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Legal Research Basics: Secondary Sources: Introduction

General characteristics of major secondary sources in legal research

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Introduction

You may be wondering why you would use Secondary Sources in legal research.  Primary sources (such as cases, statutes, and regulations) have binding authority, whereas secondary sources do not; instead, secondary sources have persuasive authority, and can be used to support your legal argument.  Moreover, secondary sources are an excellent place to begin your research, because secondary sources offer explanation and analysis of legal concepts; thus secondary sources also serve to expand your research and further your understanding of a particular legal problem.

This guide discusses the various types of secondary sources most commonly used and relied upon in legal research.  You can access the different pages of this guide by clicking on the colored tabs across the top or using the links in the Table of Contents box to the left.

Legal Dictionaries and Other General Research Aids

 
To begin, there are some basic secondary sources that can help you understand what you are reading, namely, legal dictionaries and abbreviation aids.  These can help you understand the meaning behind unfamiliar legal terms and interpret unclear citations.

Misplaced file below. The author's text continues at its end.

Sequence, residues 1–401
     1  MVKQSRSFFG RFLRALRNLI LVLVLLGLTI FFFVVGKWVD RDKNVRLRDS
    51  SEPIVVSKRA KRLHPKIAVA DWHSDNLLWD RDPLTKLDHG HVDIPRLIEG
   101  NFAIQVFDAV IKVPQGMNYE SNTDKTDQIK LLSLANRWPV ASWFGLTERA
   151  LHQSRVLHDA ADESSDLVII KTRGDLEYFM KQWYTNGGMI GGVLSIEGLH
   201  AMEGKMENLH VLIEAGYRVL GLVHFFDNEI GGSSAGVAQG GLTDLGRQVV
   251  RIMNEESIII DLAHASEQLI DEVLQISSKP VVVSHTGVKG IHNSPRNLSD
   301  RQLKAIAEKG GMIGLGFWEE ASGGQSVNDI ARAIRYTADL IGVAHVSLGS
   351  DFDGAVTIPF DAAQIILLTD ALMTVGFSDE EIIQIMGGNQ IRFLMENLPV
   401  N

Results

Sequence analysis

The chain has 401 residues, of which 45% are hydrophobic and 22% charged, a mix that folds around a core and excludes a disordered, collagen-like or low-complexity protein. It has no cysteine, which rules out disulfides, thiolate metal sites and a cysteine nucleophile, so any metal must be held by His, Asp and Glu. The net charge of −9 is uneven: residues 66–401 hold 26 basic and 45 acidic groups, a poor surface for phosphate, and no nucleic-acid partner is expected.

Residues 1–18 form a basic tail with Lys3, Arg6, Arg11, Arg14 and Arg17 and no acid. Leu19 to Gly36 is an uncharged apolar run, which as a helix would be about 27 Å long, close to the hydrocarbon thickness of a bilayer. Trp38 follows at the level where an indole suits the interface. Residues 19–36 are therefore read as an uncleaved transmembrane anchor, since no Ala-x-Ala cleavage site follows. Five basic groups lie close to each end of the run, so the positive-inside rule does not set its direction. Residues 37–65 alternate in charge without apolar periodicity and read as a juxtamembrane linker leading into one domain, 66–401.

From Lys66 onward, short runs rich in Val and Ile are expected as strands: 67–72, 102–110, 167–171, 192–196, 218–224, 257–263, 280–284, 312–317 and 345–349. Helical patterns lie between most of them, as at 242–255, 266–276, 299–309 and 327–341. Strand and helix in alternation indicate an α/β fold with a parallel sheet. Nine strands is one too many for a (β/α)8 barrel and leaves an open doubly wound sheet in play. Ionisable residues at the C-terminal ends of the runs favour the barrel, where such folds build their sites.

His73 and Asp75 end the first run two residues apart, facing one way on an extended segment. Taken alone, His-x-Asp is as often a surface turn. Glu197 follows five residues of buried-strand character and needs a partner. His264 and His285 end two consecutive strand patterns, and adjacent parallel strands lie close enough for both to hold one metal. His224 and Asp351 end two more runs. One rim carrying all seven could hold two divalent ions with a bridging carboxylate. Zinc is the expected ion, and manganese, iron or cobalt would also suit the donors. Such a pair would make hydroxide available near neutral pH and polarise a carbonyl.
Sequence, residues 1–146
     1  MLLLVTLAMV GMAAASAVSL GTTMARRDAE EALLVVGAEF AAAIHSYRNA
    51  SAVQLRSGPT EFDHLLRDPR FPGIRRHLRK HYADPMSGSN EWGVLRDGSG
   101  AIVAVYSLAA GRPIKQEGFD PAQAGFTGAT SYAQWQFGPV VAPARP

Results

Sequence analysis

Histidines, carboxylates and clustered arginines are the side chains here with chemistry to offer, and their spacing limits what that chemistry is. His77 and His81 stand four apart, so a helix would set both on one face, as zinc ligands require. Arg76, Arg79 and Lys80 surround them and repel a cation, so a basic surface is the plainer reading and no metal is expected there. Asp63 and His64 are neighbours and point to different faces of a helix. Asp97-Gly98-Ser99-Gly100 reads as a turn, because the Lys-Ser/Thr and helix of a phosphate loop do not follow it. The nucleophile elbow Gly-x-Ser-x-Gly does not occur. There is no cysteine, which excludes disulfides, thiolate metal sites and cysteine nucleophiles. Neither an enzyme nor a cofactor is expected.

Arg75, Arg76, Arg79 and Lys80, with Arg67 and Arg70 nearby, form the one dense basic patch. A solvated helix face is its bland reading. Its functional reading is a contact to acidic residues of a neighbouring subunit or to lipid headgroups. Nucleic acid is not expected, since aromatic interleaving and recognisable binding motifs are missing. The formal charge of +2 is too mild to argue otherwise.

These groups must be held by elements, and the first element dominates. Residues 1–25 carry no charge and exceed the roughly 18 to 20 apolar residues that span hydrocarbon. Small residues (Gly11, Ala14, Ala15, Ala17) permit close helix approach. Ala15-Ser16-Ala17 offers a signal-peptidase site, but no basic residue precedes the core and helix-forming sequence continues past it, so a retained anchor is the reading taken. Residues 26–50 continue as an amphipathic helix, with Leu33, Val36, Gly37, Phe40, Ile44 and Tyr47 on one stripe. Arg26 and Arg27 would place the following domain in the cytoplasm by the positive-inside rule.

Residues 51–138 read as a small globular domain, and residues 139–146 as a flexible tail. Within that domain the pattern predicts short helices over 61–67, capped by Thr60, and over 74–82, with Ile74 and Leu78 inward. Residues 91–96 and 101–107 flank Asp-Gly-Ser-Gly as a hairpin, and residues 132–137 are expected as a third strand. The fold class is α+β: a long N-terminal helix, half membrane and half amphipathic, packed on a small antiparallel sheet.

Legal Dictionaries Legal Abbreviation Aids
  • Define legal terms
  • Often include judicially defined terms with reference to cited authority
  • Best known:
    • Black's Law Dictionary
    • Ballentine's Law Dictionary
    • Words & Phrases (multi-volume)
  • Location: Law Library Reference shelving, beyond the Circulation Desk; copies also in the Reference Office
    • Black's is also available on dictionary stands on each floor of the Library
  • Help interpret legal citations
  • Best known:
    • Prince's Bieber Dictionary of Legal Abbreviations
    • Cardiff Index to Legal Abbreviations
    • The Bluebook - leading legal citation manual; tables in the back provide explanations of many common legal abbreviations
  • Location: Law Library Reference shelving, beyond the Circulation Desk; copies also in the Reference Office
    • Copies of The Bluebook are additionally available for 24-hour loan at the Circulation Desk